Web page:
Video Link: https://youtu.be/BctToiyMq-k
In this episode, Mohnish Pabrai talks about the forth category of potential 10-100 baggers; bankruptcies, reorganizations, public LBOs, and special situations.
In this episode, you’ll learn:
What is the forth category of potential 10-100 baggers?
Mohnish Pabrai special situations investment.
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MOHNISH PABRAI 00:00
The fourth criteria is what I call bankruptcies, reorganizations, public LBOs, and special situations.
So how many of you have heard of Sam Zell? Raise your hand if you've heard of Sam Zell. At least one person, the professor. Well, you know, I think you should extend an invitation. You should extend an invitation to Sam to come speak to your class.
Sam is called the grave dancer. He dances on the graves of companies that are left for dead. And if you get a chance to invest with Sam, generally speaking, it's going to go really well.
So Sam – You know, Warren Buffett, Sam Zell, and the Pritzker's – these are some of the very best people on the U.S. tax code. They know U.S. tax code better than anyone else. Way better than Donald Trump. They really know the tax code. And I don't think Sam Zell has ever sent much of a tax bill to U.S. government because he's just so efficient with the way he runs his tax affairs.
So anyways there was – this story is an interesting story, but it goes back about 26 years. So in 1990, there was an insurer called Mission Insurance that went bankrupt. When this insurer went bankrupt, they had $630 million in NOLs (Net Operating Losses).
So these net operating losses that the company have, have a lot of value if you can bring that shell company into a company that has profits because you can shield $630 million of profits because of that loss.
So Sam was able to buy that company for like $30 million, you know, because it had nothing other than the losses. And you have to find something to – So he bought the $630 million of losses for $30 million about seven or eight years after the bankruptcy. This was in '98 or '99.
And then there's another investor, Martin Whitman from Third Avenue, who also bought some of the shares in Mission Insurance. And then they went looking – the two of them went looking for a profitable business that they could join with these operating losses so that they would suddenly have no taxes on the business.
And they found a barge shipping company on the Mississippi River, you know, like [Inaudible] on the – Mark Twain on the Mississippi River. They found a barge company which used to send, you know, goods up and down the Mississippi and it was profitable so they said, "Okay, we'll buy the barge company, and now the barge company's not going to pay any taxes because we've got these NOLs, and that's how we'll make our money."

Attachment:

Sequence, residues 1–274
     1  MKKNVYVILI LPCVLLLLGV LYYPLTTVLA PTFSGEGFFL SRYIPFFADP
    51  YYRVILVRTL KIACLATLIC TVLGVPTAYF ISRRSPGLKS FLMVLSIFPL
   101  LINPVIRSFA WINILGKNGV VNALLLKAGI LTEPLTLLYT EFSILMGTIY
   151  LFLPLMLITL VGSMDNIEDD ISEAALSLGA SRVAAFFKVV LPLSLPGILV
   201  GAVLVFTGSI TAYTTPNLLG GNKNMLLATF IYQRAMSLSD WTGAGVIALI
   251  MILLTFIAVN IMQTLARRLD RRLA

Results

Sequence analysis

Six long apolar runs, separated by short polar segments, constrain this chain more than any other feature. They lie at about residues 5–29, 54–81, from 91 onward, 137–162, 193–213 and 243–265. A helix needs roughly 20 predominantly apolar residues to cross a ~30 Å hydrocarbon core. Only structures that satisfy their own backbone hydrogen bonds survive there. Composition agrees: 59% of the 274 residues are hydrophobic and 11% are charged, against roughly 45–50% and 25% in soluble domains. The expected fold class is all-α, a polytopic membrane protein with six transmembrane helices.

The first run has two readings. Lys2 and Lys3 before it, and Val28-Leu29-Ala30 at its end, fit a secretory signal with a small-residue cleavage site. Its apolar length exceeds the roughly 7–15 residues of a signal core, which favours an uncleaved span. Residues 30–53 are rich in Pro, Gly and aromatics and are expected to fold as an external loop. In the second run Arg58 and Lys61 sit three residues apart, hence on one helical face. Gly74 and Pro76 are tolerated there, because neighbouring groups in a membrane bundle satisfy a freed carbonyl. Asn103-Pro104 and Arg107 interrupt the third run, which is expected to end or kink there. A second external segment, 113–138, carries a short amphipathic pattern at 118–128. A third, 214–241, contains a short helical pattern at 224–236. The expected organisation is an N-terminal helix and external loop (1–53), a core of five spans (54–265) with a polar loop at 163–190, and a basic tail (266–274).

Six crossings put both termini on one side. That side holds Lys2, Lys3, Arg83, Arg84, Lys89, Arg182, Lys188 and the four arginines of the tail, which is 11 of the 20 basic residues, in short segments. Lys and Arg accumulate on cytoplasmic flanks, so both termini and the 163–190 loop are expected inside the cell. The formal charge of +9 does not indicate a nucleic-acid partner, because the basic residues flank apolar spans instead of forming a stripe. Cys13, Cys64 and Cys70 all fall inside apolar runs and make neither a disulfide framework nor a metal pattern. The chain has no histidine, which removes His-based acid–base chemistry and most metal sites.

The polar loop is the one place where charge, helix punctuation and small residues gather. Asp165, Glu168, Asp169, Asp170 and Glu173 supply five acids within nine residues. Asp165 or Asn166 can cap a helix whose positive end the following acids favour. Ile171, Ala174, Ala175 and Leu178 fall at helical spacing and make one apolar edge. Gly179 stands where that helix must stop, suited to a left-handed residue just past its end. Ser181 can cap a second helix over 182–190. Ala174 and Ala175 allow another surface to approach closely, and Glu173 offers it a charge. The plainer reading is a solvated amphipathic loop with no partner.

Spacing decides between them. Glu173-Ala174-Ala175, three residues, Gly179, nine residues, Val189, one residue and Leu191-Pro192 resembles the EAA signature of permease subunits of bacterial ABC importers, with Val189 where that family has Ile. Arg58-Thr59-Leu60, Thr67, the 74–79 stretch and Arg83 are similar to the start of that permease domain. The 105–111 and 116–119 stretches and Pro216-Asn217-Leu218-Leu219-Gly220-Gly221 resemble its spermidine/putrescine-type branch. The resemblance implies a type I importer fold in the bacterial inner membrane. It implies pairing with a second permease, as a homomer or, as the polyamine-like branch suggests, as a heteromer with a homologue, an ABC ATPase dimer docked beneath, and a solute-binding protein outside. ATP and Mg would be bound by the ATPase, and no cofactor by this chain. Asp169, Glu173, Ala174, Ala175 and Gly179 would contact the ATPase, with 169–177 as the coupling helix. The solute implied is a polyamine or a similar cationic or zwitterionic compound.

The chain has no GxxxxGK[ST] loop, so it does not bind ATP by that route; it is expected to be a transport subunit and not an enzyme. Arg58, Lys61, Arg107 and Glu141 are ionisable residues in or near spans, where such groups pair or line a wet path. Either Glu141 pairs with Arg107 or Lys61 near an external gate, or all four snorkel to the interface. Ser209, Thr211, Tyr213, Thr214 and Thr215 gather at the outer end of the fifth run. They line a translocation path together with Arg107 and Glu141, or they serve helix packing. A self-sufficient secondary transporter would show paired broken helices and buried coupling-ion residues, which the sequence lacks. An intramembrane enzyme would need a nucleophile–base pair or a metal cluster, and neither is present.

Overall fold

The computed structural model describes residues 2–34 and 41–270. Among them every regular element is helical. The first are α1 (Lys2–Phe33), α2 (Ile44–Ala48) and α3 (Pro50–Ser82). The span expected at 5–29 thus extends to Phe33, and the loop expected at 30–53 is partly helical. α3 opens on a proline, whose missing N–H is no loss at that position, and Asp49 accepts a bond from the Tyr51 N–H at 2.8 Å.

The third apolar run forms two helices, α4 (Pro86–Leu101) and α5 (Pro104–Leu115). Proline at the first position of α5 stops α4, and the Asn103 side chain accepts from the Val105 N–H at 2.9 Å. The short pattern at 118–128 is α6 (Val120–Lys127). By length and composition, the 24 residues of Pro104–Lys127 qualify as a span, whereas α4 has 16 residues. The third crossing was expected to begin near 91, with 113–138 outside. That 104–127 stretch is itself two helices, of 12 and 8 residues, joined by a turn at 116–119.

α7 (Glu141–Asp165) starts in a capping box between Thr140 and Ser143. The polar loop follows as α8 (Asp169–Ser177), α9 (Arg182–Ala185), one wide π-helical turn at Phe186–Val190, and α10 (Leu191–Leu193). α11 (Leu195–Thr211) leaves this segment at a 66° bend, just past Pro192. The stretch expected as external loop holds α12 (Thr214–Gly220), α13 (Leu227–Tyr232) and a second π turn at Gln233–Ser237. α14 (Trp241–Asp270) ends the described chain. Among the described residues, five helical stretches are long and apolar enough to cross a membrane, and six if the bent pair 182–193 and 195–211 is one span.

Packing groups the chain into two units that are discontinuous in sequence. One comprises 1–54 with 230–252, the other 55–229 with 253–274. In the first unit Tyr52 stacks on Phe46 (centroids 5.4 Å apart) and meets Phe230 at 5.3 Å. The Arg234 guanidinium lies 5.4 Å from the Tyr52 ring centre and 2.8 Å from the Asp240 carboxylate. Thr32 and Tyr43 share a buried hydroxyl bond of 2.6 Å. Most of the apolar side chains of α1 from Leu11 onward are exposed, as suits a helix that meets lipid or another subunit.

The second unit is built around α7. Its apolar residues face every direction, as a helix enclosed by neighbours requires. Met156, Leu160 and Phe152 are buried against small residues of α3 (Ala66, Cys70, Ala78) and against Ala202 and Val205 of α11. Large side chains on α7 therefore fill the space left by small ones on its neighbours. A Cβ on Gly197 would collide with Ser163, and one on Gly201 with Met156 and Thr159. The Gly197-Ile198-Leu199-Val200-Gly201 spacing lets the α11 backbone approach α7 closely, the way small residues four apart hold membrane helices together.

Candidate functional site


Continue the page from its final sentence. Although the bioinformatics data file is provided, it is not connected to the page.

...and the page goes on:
And then what happened right after they bought the barge company? The barge business went to hell. So the rates collapsed and the barge company went bankrupt. So they now had bankruptcy to the power of bankruptcy.
And I don't know whether you teach them, Professor, how to calculate bankruptcy to the power of bankruptcy, but it's not good. They have two bankruptcies now instead of one. So instead of having $630 million in NOLs, they now had $800 million in NOLs – even higher.
Then they went looking for another company that they could buy so they could take both these things and pair it together. And so they had a company called Danielson Holding that was trading at $1 a share. And then they found a waste to energy recycler.
So what this company does, it's a plant where you put garbage in on one end and you get electricity on the other end. It's a German process. And there's a bunch of these plants in the U.S. which convert waste materials, garbage, into electricity.
And the economics of this purchase was; this company had two billion in assets, it had two billion in debt, and they bought it for $30 million. Okay? And it was very highly leveraged but it had this kind of energy business, and they thought that they could tie it in. And so they tied it in but then they needed some capital, so then they started to do a rights issue. That's when I found them.
So the stock was at $1. By the time that I was able to invest in them, it was at $9, so it had already gone up like nine times. And then they did a rights issue – they did two rights issues, they bought another company and basically, in about 13 months I had a double and I sold. You know and basically, if I had kept the position that was about 40x from that dollar price they had and about 4x from where I had bought.
As you can see, you know, we have all these companies that are in these weird places. They're not great businesses but they do really well.